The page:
How Have You Stayed in Love?

Today we find ourselves at the end of another August. I’m excited for next month, because in September my wife and I will celebrate twenty-eight years of marriage and since our anniversary falls on a Saturday this year, we decided to renew our vows. This is particularly significant for us due to the fact that when we were first married nearly three decades ago, neither of us knew the Lord (although He knew us and His plans for us). So, this time, we will be granted the opportunity to renew our covenant afresh with a conscience acknowledgement of God.

The other day, my wife and I had a question posed to us that took us a bit by surprise. We were asked, “How have you two stayed in love?” That was the first time we have been asked such a pointed question about our relationship. We have received comments on many occasions about our mutual and genuine affection for one another, but have never really been asked how and why it works. In fact, a few years ago we took a dinner cruise on the Spirit of Philly and as we were enjoying the evening together on a couch on the deck, a woman asked us if we were on a date. We chuckled and said, “Well, yes.” She replied, “Oh I could tell! How long have you been together? Six months?” She was shocked to discover that we had been married for over twenty years, figuring that we looked far too in love to be together that long.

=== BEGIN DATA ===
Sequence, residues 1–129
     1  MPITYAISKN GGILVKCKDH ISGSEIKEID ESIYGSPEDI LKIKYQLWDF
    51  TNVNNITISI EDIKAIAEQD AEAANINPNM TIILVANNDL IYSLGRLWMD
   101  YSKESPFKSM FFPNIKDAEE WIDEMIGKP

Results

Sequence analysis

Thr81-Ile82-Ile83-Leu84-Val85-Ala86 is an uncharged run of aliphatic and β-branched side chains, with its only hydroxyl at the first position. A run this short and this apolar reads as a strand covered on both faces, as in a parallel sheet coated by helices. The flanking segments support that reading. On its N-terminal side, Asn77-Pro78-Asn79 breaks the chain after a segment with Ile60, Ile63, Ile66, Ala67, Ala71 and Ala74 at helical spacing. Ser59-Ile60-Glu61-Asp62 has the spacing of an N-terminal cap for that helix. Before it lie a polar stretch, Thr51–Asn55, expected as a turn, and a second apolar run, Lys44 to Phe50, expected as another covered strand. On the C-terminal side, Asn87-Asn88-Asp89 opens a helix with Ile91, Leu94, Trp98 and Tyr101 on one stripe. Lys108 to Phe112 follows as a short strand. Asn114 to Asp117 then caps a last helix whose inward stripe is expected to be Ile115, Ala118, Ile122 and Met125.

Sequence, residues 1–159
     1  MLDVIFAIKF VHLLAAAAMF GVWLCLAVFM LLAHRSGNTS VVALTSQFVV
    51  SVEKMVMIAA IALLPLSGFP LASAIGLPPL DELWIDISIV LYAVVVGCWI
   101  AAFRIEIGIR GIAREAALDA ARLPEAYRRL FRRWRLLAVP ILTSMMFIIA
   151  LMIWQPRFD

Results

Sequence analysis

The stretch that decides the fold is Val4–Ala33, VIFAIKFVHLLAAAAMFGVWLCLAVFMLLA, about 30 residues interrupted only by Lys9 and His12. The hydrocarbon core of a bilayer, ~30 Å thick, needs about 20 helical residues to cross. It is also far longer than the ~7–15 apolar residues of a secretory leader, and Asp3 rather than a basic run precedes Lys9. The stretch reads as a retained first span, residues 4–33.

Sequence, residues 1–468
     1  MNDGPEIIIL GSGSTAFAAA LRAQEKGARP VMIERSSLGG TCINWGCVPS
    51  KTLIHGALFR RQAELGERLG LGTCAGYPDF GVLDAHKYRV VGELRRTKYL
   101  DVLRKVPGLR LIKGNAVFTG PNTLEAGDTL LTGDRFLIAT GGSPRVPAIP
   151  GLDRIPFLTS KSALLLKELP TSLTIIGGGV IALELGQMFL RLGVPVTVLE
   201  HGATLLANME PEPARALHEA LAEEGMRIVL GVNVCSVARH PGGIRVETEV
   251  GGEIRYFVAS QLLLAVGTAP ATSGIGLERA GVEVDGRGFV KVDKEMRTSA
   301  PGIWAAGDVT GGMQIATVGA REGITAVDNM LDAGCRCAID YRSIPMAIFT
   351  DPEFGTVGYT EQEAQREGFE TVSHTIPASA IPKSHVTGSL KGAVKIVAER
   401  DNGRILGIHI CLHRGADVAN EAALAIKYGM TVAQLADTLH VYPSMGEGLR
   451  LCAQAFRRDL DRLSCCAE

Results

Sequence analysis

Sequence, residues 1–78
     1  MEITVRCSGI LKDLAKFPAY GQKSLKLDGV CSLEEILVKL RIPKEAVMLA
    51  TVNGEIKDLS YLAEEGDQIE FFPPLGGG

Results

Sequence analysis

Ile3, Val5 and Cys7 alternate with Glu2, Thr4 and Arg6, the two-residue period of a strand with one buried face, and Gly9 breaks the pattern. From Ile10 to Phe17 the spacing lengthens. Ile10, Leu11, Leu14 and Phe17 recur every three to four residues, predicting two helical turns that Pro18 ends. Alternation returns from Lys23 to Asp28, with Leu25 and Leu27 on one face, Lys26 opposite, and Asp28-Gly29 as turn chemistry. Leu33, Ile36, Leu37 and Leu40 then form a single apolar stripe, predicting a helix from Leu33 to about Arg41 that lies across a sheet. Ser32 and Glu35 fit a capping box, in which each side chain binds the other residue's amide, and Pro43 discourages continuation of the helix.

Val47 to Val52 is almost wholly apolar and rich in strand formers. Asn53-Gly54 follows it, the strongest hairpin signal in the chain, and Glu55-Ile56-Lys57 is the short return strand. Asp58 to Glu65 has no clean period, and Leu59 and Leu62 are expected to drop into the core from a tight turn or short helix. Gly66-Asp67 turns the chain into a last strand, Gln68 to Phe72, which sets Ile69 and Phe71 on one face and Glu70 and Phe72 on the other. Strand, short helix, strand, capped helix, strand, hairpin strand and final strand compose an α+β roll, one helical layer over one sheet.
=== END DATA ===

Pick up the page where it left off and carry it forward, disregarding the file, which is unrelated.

Yet, this question of how we have stayed in love stymied us for a moment. We don’t really think about it because we genuinely enjoy being around each other. Of course, we are quite aware of the main strength of our marriage being that Jesus Christ is the center, but what has God taught us about love and marriage? We had to contemplate that for a moment to properly articulate it. So, the following are some things that have helped us stay in love. It is not a comprehensive list, because this post would be immense. As is, this particular post promises to be a little longer, but I will attempt to keep it concise. So, brew yourself a large cup of coffee and contemplate the following points.